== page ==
07/04/2016 07:41 BST | Updated 07/04/2017 06:12 BST

Are E-cigarettes a Viable Way to Quit Smoking?


In the beginning of 2016, it was announced that the NHS had plans to offer e-cigarettes on prescription, for those looking to quit smoking permanently.

The announcement caused some controversy amongst medical practitioners and governing bodies, with the for and against arguments coming to the fore front. With such little scientific evidence and research around the long term health effects of using e-cigs, some were unhappy with the NHS for publicly backing their use.

One of the organisations 'for' the use of electronic cigarettes is Public Health England, who have previously commissioned a report around e-cigarettes. The report claims that e-cigarettes are estimated to be around 95% safer than smoking, due to the distinct lack of free radicals.

In a recent survey conducted by E-Cig Review Site, the public were asked if they thought that e-cigs were a safer form of quitting traditional cigarettes. Overall, 66% said that they did feel that e-cigs were a safer way to quit smoking, however 22.4% said that they were still unsure. This shows that despite the lack of evidence for or against, people still agree that because of the significantly less harmful ingredients that have been found in e-liquid, vaping is a much better alternative to smoking.

The main argument for using e-cigarettes as a 'stop smoking' aid, is that they provide a high nicotine hit that other forms do not offer and allow the user to slowly work their way down to a 0mg dosage, effectively weaning the smoker off nicotine completely. However, unlike normal tobacco cigarettes, which have had extensive scientific tests conducted on their effects on both the smoker and those around second hand smoke, e-cigarettes have not been thoroughly tested to see if they are still causing damage to the body.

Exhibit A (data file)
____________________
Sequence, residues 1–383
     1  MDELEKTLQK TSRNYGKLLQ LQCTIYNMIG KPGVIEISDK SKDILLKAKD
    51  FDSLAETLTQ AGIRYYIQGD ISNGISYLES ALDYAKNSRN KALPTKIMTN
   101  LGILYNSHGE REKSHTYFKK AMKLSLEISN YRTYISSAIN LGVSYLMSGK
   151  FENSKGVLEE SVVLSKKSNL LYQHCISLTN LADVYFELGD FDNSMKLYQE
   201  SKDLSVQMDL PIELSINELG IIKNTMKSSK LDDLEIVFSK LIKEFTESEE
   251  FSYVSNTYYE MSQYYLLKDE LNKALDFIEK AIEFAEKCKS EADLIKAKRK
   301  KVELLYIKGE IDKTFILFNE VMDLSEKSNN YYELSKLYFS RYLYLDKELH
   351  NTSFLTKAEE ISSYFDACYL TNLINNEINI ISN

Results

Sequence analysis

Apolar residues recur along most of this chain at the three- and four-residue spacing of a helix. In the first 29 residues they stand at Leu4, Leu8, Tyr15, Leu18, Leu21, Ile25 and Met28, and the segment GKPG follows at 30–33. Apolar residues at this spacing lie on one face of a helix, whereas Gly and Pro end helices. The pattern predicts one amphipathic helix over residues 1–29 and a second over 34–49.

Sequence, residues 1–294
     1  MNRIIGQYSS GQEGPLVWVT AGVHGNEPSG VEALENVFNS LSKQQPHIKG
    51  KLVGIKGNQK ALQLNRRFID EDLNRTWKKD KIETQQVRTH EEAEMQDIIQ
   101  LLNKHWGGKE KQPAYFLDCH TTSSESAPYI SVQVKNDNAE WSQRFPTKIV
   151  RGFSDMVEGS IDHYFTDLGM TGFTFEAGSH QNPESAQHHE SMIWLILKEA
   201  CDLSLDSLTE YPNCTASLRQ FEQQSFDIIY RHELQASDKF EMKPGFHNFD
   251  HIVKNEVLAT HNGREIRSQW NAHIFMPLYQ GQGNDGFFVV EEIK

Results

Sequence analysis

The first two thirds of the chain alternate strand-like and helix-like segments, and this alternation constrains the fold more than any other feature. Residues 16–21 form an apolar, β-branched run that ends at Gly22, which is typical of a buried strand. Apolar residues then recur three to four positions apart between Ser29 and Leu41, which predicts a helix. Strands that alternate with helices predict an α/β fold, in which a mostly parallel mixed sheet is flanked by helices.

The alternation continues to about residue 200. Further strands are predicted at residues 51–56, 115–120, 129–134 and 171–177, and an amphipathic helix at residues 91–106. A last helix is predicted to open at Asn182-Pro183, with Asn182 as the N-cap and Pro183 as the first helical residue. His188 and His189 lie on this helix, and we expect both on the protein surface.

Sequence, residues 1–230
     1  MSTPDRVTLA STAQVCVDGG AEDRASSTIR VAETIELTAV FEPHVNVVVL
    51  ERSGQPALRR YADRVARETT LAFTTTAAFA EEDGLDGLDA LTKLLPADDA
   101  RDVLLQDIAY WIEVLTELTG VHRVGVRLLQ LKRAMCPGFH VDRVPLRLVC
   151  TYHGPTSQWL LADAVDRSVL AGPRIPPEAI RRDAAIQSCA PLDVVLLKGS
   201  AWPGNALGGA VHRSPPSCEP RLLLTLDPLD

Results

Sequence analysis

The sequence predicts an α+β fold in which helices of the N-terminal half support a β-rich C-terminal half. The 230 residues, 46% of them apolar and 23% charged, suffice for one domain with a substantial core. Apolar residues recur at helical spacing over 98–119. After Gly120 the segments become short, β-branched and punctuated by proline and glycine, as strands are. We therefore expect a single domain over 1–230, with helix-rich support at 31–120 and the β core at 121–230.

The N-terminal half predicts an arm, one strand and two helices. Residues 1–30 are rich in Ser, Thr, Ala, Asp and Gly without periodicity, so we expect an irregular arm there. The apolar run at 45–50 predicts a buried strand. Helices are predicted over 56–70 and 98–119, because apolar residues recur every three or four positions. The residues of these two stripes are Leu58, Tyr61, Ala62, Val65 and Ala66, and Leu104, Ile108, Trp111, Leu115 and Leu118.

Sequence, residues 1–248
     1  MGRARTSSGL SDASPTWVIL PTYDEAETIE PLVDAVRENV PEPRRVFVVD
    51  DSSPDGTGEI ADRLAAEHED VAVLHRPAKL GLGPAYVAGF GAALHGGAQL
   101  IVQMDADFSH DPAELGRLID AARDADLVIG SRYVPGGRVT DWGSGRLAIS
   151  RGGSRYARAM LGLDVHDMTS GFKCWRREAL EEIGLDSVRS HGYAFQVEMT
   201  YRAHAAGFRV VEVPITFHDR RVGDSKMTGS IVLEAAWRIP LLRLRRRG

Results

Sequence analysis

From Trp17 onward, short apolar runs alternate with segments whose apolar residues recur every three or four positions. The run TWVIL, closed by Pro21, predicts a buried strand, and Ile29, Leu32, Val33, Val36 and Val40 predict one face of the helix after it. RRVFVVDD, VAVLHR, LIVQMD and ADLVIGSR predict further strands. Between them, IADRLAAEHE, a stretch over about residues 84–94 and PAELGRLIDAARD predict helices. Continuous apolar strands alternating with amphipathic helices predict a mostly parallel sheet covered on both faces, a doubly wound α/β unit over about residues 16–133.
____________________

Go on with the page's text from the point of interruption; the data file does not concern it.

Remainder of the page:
Organisations such as the British Medical Association, claim that it is too risky to publicly back the use of e-cigarettes without knowing how they can affect the user. Not only is it unclear on how the vapour affects the person vaping, but it is also unclear on how the expended vapour affects those around, who are also breathing it in. It's for this reason, a lot of public establishments and public buildings such as shopping centres and bars, have banned the use of e-cigarettes.

Out of the 500 survey participants, only 11.6% of people said that they didn't see vaping as a safer alternative. However, with such a high percentage of people claiming to still be unsure, the amount of people picking up an e-cigarette to quit smoking will definitely be affected.

The NHS and its various subsidiaries around the UK have added e-cigarettes to their respective websites, claiming them as a valid 'stop smoking' aid, however they are yet to actually prescribe e-cigs to patients. With GP's and other medical professionals still uneasy around handing out vape sticks, it's unlikely that they will become the main form of aid to be offered by the NHS. It will therefore take a lot more time and research into the long term health effects, before e-cigarettes become as mainstream as nicotine gum or patches.